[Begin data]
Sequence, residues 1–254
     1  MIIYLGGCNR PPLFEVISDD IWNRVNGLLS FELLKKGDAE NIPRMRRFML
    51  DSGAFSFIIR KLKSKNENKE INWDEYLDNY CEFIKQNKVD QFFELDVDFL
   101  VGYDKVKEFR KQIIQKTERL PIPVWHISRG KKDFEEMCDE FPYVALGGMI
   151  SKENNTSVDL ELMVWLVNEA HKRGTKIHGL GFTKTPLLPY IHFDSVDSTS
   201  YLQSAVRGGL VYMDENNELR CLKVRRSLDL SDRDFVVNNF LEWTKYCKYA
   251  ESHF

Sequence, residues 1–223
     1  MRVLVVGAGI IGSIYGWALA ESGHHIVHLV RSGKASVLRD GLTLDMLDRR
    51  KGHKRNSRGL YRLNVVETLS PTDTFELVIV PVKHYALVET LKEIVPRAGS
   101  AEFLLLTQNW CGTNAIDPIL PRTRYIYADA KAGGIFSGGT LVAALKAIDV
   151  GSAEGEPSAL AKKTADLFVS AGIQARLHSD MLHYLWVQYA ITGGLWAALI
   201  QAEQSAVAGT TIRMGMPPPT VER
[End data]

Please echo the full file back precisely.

Sequence, residues 1–254
     1  MIIYLGGCNR PPLFEVISDD IWNRVNGLLS FELLKKGDAE NIPRMRRFML
    51  DSGAFSFIIR KLKSKNENKE INWDEYLDNY CEFIKQNKVD QFFELDVDFL
   101  VGYDKVKEFR KQIIQKTERL PIPVWHISRG KKDFEEMCDE FPYVALGGMI
   151  SKENNTSVDL ELMVWLVNEA HKRGTKIHGL GFTKTPLLPY IHFDSVDSTS
   201  YLQSAVRGGL VYMDENNELR CLKVRRSLDL SDRDFVVNNF LEWTKYCKYA
   251  ESHF

Sequence, residues 1–223
     1  MRVLVVGAGI IGSIYGWALA ESGHHIVHLV RSGKASVLRD GLTLDMLDRR
    51  KGHKRNSRGL YRLNVVETLS PTDTFELVIV PVKHYALVET LKEIVPRAGS
   101  AEFLLLTQNW CGTNAIDPIL PRTRYIYADA KAGGIFSGGT LVAALKAIDV
   151  GSAEGEPSAL AKKTADLFVS AGIQARLHSD MLHYLWVQYA ITGGLWAALI
   201  QAEQSAVAGT TIRMGMPPPT VER